Here is an informative review from Roger

Ciao from the Venice Film Festival,
Venetian Cat - The Venice Blog

Saturday, August 30, 2014

AL PACINO Dazzles at Venice Film Festival

Al Pacino in Venice (Photo: David Azia)
(Venice, Italy) Al Pacino looks and acts like the legendary movie star he is. Pacino is 74-years-old, but has the energy of someone 30 years younger. One of the things that makes Al Pacino so unique is that he is a movie star from New York, not Hollywood. During one of his two press conferences today, when he was asked to comment on Hollywood, he said, "I don't know and I never did know what Hollywood is." He said he had a relationship with Hollywood that was not unfriendly, but not really clear. He said the people who were running the studios these days were different -- not better or worse, just different, and that times had changed. He said he had even gone to see an action figure flick (I forget which one) with one of his kids, and really enjoyed it.

Al Pacino & Chris Messina (Photo: David Azia)
Al Pacino likes to talk. He gives even the simplest questions long, complex answers, winding paths through a forest of riches, which is fascinating to experience firsthand. It is like going to the theater and hearing a monologue perfectly delivered. 

Greta Gerwig & Al Pacino in The Humbling
Pacino is here in Venice with two films this year, David Gordon Green's MANGLEHORN and THE HUMBLING, directed by another legend, Barry Levinson, based on the Philip Roth novel. The storyline is:

"Simon Axler is a famed stage actor who becomes depressed then suicidal when he suddenly and inexplicably loses his gift. In an attempt to get his mojo back, he has an affair with a lesbian woman half his age. Before long, the relationship causes chaos as people from the romantic duo's pasts resurface in their lives."

Al Pacino as Simon Axler
The character, Simon Axler, has isolated himself in the country, and someone asked if Pacino had based the character on his own life. Pacino said, "Of course it's based on my life. Once you're famous anonymity goes up in value."

Barry Levinson said it was it was literally like making a home movie because they shot the movie in 20 days in and around his Connecticut home. I thought the film was terrific, and that Pacino hasn't been in such fine form in years. I pretty much agree with the review in Variety, which said: "Pacino, who seemed to have awakened from a long acting coma when he played Dr. Jack Kevorkian in Levinson’s 2010 HBO movie, “You Don’t Know Jack,” seems similarly rejuvenated here, in what’s easily his best bigscreen performance since Christopher Nolan’s “Insomnia” in 2002."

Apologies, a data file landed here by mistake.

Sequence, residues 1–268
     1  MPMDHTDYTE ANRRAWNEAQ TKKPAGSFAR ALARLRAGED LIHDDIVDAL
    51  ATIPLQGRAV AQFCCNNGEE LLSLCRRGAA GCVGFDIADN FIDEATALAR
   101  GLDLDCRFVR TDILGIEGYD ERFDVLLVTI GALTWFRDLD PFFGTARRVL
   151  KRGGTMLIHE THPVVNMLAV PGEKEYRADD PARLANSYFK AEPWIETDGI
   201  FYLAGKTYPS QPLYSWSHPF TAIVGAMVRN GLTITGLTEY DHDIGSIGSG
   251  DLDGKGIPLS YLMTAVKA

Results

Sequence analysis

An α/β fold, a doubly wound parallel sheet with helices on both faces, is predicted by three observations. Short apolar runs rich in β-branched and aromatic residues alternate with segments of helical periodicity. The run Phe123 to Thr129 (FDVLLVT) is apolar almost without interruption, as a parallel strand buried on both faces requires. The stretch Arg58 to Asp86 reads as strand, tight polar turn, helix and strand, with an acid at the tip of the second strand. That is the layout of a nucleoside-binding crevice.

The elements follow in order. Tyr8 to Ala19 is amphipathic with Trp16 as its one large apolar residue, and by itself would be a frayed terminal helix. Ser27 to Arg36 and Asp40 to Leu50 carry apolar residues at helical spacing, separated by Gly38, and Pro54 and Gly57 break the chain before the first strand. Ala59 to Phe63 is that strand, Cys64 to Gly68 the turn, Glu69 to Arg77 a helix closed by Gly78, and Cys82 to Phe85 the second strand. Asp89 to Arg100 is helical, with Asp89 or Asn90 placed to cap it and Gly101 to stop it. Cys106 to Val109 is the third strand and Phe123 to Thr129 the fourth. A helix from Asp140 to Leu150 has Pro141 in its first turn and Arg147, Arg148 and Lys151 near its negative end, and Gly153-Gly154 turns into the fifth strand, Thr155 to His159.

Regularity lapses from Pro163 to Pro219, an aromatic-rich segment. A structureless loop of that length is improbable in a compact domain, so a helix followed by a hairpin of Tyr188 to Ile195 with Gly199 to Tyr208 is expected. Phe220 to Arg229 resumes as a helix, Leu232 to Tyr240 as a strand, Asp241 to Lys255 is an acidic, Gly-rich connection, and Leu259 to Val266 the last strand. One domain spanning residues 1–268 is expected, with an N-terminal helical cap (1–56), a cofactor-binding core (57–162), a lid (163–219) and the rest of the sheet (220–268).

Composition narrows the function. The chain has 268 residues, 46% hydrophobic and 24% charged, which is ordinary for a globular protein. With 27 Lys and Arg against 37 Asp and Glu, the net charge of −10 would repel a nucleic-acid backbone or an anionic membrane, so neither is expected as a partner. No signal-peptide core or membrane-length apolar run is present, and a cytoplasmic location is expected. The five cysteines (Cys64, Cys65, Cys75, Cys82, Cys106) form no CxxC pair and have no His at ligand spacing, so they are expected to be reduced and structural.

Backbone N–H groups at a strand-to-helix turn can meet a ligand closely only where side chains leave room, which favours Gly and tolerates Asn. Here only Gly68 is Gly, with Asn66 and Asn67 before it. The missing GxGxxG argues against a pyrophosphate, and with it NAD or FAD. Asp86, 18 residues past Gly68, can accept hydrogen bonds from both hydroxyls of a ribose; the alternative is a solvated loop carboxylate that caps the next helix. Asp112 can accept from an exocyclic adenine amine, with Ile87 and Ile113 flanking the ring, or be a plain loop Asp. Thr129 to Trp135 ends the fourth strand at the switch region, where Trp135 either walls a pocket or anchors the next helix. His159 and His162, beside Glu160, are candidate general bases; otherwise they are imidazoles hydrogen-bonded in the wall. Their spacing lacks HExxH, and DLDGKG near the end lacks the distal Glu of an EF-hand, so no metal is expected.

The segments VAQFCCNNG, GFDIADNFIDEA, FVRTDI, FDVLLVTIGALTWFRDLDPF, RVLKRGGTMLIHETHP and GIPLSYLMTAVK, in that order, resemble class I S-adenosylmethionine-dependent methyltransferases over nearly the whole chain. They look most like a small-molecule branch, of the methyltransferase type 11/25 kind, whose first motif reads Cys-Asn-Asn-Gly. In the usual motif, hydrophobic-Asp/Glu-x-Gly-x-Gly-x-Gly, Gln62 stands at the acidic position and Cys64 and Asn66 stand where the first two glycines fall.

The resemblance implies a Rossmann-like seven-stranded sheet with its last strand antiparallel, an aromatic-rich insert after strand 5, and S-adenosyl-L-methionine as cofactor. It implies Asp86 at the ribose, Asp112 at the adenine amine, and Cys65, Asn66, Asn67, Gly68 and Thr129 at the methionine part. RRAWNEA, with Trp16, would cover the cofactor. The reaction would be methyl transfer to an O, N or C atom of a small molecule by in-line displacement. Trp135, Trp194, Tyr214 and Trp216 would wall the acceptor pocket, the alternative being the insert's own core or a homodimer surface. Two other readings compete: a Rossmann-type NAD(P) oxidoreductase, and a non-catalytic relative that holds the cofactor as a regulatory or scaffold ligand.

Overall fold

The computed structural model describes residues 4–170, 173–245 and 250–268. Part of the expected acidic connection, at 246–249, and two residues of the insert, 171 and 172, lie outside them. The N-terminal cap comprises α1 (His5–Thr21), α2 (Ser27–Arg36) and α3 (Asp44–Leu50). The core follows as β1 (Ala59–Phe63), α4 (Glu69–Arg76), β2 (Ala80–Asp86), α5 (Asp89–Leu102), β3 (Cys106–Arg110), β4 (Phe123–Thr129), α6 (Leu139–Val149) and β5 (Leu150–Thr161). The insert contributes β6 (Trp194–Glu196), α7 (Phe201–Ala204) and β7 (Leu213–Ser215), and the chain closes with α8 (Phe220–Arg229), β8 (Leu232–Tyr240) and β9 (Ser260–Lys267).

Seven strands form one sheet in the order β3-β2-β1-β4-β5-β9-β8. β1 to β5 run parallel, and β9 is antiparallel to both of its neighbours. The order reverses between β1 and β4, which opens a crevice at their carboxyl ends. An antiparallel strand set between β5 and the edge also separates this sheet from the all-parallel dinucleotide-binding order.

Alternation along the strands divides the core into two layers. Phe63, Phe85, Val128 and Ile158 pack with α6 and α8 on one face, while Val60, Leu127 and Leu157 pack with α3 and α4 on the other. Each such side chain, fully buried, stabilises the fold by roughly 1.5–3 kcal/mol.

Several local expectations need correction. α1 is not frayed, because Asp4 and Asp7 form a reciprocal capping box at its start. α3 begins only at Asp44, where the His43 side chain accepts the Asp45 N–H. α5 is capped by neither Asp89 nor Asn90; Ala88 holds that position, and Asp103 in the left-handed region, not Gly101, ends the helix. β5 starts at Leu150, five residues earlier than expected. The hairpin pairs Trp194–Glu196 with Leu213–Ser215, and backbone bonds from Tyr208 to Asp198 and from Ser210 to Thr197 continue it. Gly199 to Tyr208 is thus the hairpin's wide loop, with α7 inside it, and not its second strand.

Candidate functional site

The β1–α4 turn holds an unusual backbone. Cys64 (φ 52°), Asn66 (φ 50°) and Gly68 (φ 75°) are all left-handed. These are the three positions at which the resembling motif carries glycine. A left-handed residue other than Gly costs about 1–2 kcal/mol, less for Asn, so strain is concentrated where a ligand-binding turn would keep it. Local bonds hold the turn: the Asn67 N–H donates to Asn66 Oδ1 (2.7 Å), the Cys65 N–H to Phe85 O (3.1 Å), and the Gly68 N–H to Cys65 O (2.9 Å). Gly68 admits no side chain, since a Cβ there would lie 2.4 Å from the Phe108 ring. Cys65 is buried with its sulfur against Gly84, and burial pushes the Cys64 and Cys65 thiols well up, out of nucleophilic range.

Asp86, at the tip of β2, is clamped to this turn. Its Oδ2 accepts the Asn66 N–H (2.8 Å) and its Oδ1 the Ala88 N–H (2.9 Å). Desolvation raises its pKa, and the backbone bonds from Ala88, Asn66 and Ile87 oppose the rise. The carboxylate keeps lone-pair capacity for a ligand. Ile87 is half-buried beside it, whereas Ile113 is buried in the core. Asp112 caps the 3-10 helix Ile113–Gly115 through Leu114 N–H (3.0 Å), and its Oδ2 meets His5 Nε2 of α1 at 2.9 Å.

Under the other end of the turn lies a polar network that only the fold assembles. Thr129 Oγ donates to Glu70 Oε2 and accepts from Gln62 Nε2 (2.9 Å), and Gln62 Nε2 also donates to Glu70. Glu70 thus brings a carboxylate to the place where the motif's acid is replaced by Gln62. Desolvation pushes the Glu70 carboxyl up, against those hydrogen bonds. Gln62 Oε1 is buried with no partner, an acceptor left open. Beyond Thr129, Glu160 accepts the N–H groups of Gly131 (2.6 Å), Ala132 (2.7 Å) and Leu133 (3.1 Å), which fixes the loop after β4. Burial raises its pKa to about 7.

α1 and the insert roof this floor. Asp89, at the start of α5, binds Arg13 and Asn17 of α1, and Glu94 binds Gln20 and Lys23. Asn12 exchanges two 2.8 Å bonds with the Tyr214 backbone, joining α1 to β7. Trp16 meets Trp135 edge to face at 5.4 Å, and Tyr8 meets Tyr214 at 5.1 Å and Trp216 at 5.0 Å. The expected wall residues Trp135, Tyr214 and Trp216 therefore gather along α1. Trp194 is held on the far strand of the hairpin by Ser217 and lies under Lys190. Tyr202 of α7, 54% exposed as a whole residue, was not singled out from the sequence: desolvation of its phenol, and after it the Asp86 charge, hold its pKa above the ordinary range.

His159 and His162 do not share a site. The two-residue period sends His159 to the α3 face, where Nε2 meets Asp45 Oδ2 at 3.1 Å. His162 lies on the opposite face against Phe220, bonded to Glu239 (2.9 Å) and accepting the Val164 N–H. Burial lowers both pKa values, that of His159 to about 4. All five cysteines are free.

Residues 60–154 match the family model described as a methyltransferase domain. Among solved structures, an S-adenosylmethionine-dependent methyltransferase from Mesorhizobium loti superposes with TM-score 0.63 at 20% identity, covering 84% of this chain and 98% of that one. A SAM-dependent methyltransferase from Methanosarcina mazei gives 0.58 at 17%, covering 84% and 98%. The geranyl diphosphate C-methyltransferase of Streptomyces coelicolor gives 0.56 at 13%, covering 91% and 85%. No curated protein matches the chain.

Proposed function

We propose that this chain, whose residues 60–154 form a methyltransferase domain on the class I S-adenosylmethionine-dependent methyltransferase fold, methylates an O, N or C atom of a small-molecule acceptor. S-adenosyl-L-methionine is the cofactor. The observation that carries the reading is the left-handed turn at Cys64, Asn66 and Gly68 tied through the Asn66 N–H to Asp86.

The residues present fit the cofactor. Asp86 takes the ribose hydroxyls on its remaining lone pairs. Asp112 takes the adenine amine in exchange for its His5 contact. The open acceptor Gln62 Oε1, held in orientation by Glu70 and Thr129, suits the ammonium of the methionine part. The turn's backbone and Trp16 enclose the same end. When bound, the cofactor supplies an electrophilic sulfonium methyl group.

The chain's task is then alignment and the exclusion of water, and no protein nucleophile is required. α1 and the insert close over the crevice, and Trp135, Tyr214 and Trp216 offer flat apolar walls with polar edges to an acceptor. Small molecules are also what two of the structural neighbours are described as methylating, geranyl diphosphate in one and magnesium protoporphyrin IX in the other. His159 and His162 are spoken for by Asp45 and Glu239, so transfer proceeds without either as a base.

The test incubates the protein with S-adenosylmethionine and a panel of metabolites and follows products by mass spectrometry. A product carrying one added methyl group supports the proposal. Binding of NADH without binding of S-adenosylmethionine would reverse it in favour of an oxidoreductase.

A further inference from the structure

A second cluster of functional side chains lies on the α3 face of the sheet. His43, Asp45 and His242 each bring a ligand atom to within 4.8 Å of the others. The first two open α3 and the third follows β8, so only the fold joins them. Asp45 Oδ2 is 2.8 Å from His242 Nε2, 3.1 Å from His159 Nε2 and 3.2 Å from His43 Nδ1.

Simon Axler may have lost his mojo, but Al Pacino most definitely has not.

Ciao from The Venice Film Festival,
Venetian Cat - The Venice Blog

Friday, August 29, 2014

Foreclosure Scam Exposed in 99 HOMES - Venice Film Festival

Andrew Garfield in 99 HOMES
(Venice, Italy) An average American family is thrown ruthlessly out of their home in Orlando, Florida at the start of Ramin Bahrani's powerful foreclosure drama, 99 HOMES. It was no accident that so many Americans suddenly lost their homes -- it was outright corruption, another scheme by the greedy to make money off human misery, which comes as no surprise. But it is extremely satisfying to watch how the vultures did it up there on the big screen.

At the press conference, Bahrani was asked if he set the film in Orlando, Florida on purpose, and he said, "of course I did." He went down there to do research, and after two or three weeks, he was dizzy from the corruption. He said, "I never saw so many guns in my life."

Andrew Garfield, Ramin Bahrani & Michael Shannon

The 99% is a global phenomenon. The common man around the world can no longer do hard, honest work and expect to thrive against systematic greed and corruption. When faced by the firing squad, does a man join hands with his executioner? Is there any choice to make other than a deal with the devil?

Andrew Garfield & Michael Shannon
Michael Shannon is one of my favorite actors; he always manages to bring a layer of humanity to the most unsavory characters. He plays Rick Carver, a heartless estate agent who represents the banks, tossing people and their possessions out on the street the moment the moment a judge -- who is also part of the corrupt pyramid -- signs the order. In Florida, the judgment speeds by so fast that they call them "Rocket Dockets."

Andrew Garfield is Dennis Nash, a hard-working single dad who can do most any job in construction. He lives with his widowed mother (Laura Dern) and son (Noah Lomax) in the simple Orlando home where he grew up. When the building market collapses and he loses his work, he is told by the bank not to make a payment; he misses three, and the next thing he knows, he, his mother and his son are crammed into a cheap motel, surrounded by other evicted families.